Psychosocial treatment of pediatric posttraumatic stress disorder: the neglected field of single-incident trauma
Version of Record online: 22 SEP 2005
© 2005 Wiley-Liss, Inc.
Depression and Anxiety
Volume 22, Issue 4, pages 177–189, 2005
How to Cite
Adler-Nevo, G. and Manassis, K. (2005), Psychosocial treatment of pediatric posttraumatic stress disorder: the neglected field of single-incident trauma. Depress. Anxiety, 22: 177–189. doi: 10.1002/da.20123
- Issue online: 19 DEC 2005
- Version of Record online: 22 SEP 2005
- Manuscript Accepted: 15 JUL 2005
- Manuscript Revised: 12 JUL 2005
- Manuscript Received: 4 JAN 2005
- child psychiatry;
- anxiety disorders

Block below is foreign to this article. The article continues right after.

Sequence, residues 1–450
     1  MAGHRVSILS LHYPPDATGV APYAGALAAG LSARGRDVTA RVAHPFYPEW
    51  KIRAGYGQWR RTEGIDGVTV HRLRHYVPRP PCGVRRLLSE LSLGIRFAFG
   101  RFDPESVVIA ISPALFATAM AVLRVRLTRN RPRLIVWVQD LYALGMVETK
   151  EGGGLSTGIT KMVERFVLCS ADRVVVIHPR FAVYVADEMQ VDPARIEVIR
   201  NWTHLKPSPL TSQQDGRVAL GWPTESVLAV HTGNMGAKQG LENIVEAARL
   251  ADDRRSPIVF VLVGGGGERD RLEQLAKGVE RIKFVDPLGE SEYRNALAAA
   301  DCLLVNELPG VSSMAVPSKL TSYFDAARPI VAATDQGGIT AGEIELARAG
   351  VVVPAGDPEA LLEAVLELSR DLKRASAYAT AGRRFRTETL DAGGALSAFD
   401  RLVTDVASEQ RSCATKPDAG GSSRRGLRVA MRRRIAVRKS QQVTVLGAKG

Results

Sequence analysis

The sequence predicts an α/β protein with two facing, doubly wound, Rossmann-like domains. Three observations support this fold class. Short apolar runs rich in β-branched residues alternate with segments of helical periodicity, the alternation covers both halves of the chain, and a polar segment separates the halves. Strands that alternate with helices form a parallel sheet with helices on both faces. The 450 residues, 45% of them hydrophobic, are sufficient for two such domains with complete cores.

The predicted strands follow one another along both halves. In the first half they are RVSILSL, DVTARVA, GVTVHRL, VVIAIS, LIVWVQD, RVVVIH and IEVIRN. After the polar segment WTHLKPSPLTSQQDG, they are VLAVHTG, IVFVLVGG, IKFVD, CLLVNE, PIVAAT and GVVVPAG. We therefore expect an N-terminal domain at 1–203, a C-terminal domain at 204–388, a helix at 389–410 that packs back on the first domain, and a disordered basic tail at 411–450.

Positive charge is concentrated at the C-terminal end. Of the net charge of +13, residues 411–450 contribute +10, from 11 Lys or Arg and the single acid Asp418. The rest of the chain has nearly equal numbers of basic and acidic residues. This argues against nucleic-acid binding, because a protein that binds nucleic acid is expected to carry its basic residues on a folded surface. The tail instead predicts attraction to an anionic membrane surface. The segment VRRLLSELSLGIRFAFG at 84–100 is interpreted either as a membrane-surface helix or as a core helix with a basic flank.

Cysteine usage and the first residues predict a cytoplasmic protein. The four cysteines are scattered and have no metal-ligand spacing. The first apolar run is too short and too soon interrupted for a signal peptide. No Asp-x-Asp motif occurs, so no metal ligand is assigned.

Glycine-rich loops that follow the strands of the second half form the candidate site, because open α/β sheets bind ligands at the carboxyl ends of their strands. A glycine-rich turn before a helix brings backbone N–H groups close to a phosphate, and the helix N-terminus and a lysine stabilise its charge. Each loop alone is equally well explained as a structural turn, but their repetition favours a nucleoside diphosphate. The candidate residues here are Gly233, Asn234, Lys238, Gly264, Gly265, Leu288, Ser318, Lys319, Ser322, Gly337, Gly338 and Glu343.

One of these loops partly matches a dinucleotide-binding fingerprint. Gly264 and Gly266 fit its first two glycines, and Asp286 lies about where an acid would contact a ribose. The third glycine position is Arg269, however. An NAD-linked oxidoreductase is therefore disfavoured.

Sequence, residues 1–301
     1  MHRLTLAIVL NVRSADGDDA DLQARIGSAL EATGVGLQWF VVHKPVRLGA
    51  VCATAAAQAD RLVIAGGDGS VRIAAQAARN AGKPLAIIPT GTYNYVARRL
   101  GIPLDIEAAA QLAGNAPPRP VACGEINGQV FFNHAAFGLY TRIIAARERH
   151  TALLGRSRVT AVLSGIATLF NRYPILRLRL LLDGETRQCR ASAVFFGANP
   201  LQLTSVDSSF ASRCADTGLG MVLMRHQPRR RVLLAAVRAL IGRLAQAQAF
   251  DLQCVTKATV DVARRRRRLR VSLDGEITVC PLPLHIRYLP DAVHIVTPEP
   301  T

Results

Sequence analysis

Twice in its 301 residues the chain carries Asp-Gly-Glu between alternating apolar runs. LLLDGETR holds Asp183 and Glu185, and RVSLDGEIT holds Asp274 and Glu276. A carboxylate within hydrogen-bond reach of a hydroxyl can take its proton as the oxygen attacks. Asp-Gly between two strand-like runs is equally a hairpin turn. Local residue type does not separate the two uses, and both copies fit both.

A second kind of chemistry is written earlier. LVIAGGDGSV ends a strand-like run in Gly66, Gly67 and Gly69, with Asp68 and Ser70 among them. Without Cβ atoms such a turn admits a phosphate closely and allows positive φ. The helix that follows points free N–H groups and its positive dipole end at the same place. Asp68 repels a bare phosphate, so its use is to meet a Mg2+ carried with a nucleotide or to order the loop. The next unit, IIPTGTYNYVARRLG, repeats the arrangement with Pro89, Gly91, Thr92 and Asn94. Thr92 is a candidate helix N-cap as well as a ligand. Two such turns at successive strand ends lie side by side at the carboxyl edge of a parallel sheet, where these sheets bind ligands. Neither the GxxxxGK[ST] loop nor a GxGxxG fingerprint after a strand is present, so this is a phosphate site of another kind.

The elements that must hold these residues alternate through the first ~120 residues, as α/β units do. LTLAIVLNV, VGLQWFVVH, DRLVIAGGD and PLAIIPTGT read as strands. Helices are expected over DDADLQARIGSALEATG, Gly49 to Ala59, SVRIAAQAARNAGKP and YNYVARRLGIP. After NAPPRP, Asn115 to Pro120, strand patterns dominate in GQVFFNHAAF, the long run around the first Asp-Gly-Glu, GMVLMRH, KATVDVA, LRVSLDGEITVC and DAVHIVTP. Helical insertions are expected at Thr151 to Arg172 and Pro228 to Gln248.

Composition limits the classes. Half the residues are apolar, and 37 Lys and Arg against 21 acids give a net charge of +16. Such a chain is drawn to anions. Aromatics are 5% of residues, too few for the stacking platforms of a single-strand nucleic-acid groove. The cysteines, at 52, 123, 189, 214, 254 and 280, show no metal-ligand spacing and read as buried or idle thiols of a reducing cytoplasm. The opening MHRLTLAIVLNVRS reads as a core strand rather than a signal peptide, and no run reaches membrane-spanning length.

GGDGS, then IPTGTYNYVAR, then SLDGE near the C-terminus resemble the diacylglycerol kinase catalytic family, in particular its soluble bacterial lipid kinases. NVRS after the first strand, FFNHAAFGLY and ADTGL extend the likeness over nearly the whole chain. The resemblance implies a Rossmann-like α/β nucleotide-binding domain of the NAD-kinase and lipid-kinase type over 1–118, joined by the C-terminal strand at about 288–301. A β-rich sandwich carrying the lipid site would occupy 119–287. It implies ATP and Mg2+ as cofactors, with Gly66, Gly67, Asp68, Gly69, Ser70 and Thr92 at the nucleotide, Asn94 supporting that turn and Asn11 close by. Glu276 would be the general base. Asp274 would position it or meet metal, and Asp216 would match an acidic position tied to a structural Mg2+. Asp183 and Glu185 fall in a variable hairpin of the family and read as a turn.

Despite the prevalence of childhood trauma, studies regarding psychotherapy for children suffering from posttraumatic stress disorder (PTSD) are scarce, especially regarding the treatment for pediatric PTSD following single-incident trauma. Treatment practices for this population rely mainly on the paradigms of therapy for adult PTSD and pediatric PTSD following sexual abuse. This review outlines the studies published in the last 10 years pertaining to the treatment of pediatric PTSD following single-incident trauma. This is done in the context of available literature on the paradigms mentioned above. Of 742 articles dealing with treatment of pediatric trauma, 10 were found relevant to the treatment of pediatric PTSD following single-incident trauma. The modalities of treatment most frequently reported in this context were cognitive-behavioral therapy (CBT), eye movement desensitization and reprocessing (EMDR), and play therapy. As a whole, CBT studies were methodologically more rigorous, used manualized, reproducible treatment, and were group, school-based therapies. EMDR treatments were usually short and individual. Most studies showed statistically significant improvement but were still methodologically lacking. We conclude that research on the subject of treatment for pediatric PTSD following single-incident trauma constitutes a neglected part of the study of pediatric PTSD. This stands in contrast to the obvious prevalence of this type of trauma. We encourage future research that will address issues such as clarifying the role of pharmacotherapy, comparing different modes of treatment, dismantling treatment “packages,” researching developmentally sensitive treatments, conducting long-term follow-up, and comparing different PTSD populations. Depression and Anxiety 22:177–189, 2005. © 2005 Wiley-Liss, Inc.